Glucocorticoids – Cortisol has many functions including promoting glucose metabolism by the muscle and storage of sugars in the liver, and helping to combat inflammation and boost immunity. The timing of cortisol release is important and is controlled by chemical signals from the brain at specific times of day. Cortisol production is highest in the morning and lowest late at night. Cortisol levels can be measured in saliva either during the morning awakening period, or over the course of the day.
Androgens – DHEA, DHEA-s and androstenedione are ‘weak’ adrenal androgens which are mostly converted into ‘strong’ acting sex hormones produced by the adult ovaries and testis, including testosterone, estrogen and progesterone. But adrenal androgens are vital for male and female development in childhood and around the onset of puberty. DHEA-S can be measured in saliva, in combination with cortisol, to assess adrenal function.
Mineralocorticoids – primarily aldosterone, is required for normal kidney function, and the regulation of salt balance, which keeps blood pressure in check.
Adrenal gland disorders
Despite the existence of adrenal fatigue being largely disputed, there are medically-recognised adrenal gland disorders which cause the over or under production of key adrenal hormones.
Cushing’s syndrome occurs when the body is exposed to too much cortisol. In rare cases, it is caused by the presence of a tumour that stimulates the adrenal glands to overproduce cortisol. More commonly, Cushing’s syndrome occurs due to supplementation with cortisol-like steroids (e.g. prednisolone) to treat inflammatory conditions, such as arthritis.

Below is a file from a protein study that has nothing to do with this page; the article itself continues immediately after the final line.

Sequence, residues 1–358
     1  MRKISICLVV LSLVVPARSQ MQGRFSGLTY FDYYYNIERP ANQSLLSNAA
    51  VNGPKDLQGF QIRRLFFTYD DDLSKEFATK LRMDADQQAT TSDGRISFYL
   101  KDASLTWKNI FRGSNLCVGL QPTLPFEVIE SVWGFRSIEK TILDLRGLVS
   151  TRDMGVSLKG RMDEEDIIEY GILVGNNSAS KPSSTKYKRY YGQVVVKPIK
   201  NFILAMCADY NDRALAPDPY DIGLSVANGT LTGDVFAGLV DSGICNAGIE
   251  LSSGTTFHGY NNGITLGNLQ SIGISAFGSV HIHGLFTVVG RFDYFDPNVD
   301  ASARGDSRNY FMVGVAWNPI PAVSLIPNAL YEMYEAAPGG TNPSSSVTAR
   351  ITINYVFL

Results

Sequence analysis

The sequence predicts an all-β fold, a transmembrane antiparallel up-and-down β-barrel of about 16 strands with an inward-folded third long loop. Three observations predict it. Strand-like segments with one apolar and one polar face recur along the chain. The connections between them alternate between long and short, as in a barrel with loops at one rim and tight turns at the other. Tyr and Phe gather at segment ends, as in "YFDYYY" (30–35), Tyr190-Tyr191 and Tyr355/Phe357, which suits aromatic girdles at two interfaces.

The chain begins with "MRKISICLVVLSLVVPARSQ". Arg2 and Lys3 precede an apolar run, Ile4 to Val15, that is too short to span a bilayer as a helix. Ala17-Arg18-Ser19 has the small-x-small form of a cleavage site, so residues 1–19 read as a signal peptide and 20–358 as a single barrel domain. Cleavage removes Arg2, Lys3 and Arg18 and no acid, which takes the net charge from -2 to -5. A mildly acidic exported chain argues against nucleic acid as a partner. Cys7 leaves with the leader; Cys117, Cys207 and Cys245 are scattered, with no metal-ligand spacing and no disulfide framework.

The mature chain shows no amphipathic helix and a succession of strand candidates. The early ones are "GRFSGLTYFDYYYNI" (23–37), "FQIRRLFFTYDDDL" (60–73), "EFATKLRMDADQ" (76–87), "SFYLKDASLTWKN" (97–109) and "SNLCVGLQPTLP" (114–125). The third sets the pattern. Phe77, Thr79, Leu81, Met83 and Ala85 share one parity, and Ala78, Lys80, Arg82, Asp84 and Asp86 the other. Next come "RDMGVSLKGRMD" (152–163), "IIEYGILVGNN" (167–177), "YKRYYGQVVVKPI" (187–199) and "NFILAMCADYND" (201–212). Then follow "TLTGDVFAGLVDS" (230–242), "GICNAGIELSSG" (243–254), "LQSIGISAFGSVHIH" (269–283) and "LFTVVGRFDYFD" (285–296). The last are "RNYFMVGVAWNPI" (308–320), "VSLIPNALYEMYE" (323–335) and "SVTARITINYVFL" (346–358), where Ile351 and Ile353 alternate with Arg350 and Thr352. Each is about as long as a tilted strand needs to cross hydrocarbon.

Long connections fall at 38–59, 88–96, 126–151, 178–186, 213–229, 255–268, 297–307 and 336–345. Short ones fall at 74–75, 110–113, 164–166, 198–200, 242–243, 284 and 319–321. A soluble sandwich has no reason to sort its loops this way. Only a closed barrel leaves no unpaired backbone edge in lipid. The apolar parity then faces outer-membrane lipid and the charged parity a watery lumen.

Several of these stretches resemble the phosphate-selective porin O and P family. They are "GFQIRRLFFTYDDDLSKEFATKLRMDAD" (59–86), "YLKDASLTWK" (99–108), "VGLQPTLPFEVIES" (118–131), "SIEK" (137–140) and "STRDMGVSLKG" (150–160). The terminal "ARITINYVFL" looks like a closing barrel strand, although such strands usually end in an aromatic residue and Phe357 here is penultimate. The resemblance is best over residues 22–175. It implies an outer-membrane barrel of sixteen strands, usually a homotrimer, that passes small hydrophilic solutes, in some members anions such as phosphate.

Overproduction of, or overexposure to cortisol, can lead to rapid weight gain, increased thirst and urination, high blood pressure, high blood sugar, insomnia, increased male-pattern hair growth in women, and poor mood. Cushing’s syndrome is more common in women and is treatable.
Adrenal insufficiency is a serious and sometimes life-threatening disorder that was first coined by Thomas Addison in 1855. It occurs when the adrenal glands do not make high enough levels of the three classes of steroid hormones: glucocorticoids, androgens and mineralocorticoids.
The disorder can manifest as a direct problem with adrenal glands themselves (primary) or via the chemical signals that come from the brain (secondary).
Primary adrenal insufficiency
In primary adrenal insufficiency, also known as Addison’s disease, the production of all three adrenal steroid hormones is affected. Primary adrenal insufficiency is caused in rare cases by a tuberculosis infection, but more commonly by abnormal immune function called auto-immune disease.
Signs of primary adrenal insufficiency include weight loss, low blood pressure, low blood sugar, fatigue, muscle weakness and pain, nausea, flu-like symptoms and in some cases increased pigmentation of the skin. It is common to crave salt due to low aldosterone levels which disrupt the body’s salt balance. A reduction in adrenal androgens can also affect the production of the sex hormones, testosterone, estrogen and progesterone.